Before the war, it was said "the United States are." Grammatically, it was spoken that way and thought of as a collection of independent states. And after the war, it was always "the United States is," as we say today without being self-conscious at all. And that sums up what the war accomplished. It made us an "is."
Before 1861 the two words "United States" were rendered as a plural noun: "the United States are a republic." The war marked a transition of the United States to a singular noun.
This survey examines use of the phrases “United States is” and “United States are” in opinions of the United States Supreme Court from 1790 to 1919. The familiar claim, popularized by Shelby Foote in the Ken Burns Civil War documentary, is that the Civil War marked a shift in usage from plural to singular. This survey demonstrates that in the Supreme Court this account of the timing of the change is not accurate. Although patterns of usage changed abruptly in the 1860s, justices continued to use the plural form through the end of the nineteenth century. Indeed, the plural usage was the predominant usage in the 1870s, 1880s, and 1890s. Only in the beginning of the twentieth century did the singular usage achieve preeminence and the plural usage disappear almost entirely.
This survey demonstrates that the plural usage of “United States” did not fall into disuse on the Supreme Court until more than a generation after the Battle of Appomattox Courthouse. Whatever innumerable and profound changes the Civil War worked on the United States, it did not, grammatically speaking, make us an “is.”
Randolph had denounced the Yazoo scandals in January 1805; he quarreled with Jefferson and Madison over the Florida scheme in December of that year [the so-called Two Million Dollar Act, passed in February 1806, the funds of which were intended to be used to purchase the Floridas from Spain]. On March 6, 1806, he spoke against [Andrew] Gregg's Resolution, which was intended to cut off commerce with Britain – here siding with the Federalists, though not joining them. By August 15, his alienation from Jefferson was complete; and he formed the faction of the Tertium Quids, which little band of Southerners he led most of the rest of his life.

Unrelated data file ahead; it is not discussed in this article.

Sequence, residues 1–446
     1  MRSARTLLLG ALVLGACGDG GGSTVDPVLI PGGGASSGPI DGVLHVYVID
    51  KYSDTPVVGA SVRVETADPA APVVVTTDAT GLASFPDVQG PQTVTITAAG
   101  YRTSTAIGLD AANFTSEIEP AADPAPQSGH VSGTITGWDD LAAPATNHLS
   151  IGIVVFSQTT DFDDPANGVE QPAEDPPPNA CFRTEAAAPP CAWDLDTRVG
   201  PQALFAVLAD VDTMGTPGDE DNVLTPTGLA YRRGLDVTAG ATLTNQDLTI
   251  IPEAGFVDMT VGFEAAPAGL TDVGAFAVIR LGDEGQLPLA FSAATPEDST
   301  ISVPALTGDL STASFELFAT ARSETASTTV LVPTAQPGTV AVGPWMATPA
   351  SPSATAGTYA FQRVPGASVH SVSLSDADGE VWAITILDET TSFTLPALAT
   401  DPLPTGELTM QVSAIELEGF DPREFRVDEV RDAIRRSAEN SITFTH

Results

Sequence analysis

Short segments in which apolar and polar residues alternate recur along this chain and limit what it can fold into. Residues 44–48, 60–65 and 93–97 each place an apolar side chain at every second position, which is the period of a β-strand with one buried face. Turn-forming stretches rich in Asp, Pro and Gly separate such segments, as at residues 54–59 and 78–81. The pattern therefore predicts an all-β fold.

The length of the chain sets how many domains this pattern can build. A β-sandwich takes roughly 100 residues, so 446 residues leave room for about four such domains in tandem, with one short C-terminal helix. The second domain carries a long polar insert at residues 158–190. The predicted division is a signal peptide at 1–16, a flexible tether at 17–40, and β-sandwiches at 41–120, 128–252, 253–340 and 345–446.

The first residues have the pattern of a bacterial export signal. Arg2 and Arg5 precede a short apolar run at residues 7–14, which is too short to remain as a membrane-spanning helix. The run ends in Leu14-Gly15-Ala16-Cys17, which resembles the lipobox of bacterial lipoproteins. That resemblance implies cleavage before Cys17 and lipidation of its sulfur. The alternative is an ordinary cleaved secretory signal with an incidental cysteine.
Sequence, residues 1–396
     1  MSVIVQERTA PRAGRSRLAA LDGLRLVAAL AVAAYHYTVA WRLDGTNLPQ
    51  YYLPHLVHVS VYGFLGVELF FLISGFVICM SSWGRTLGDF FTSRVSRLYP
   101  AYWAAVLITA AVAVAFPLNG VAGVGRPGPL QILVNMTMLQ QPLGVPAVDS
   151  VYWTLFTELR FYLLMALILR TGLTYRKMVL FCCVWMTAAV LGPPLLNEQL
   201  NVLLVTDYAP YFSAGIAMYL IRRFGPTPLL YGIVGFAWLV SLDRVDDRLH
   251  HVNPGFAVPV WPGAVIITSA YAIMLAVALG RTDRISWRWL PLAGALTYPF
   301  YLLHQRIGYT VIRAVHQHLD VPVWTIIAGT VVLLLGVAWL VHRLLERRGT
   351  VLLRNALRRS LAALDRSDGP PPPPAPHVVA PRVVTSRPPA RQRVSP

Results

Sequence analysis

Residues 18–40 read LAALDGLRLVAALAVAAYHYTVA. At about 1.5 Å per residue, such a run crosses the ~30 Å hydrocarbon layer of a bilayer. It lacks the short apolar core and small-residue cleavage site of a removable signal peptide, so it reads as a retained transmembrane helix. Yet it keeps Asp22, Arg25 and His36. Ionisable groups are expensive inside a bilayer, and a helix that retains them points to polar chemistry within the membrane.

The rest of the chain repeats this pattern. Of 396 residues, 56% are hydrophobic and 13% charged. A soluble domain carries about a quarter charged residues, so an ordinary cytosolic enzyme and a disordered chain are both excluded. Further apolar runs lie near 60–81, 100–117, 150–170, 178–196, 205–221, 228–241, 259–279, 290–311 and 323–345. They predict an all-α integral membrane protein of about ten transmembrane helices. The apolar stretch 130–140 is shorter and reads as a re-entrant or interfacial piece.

The Judges were unanimously of Opinion, that, as by the Constitution of the United States, the individual states are prohibited from making laws which shall impair the Obligation of Contracts, and the resolution in question, if operative would impair the Obligation of the Contract in Question, therefore it could not be admitted to bar the action.
This paper examines the decline of the contract clause in constitutional jurisprudence. Although the contract clause occupied a key and much-litigated place in constitutional law during the nineteenth century, the Supreme Court never read the clause with literal exactness. Over time the Court began to limit the reach of the contract clause in a number of ways. It early distinguished between contractual rights and the remedy available to enforce such rights. States retained some room to modify enforcement procedures. Thereafter the Court insisted upon strictly construing legislative grants and recognized an inalienable police power to protect the health, safety, and morals of the public. Moreover, the Supreme Court upheld rent control laws and mortgage moratorium measures as valid legislative responses to emergency conditions which trumpted contracts between individuals. In short, the Supreme Court recognized so many exceptions to the contract clause as to virtually read it out of the Constitution. The advent of New Deal constitutionalism in the late 1930s, which downplayed economic rights and affirmed broad regulatory authority, completed the effective destruction of the contract clause. Despite some fleeting interest in revitalizing the clause, and a few decisions enforcing contract clauses in state constitutions, this once-powerful provision remains at the fringe of modern constitutional law. The paper contends that the decline of the contract clause likely reflects a diminished faith in contractual bargaining and competitive markets.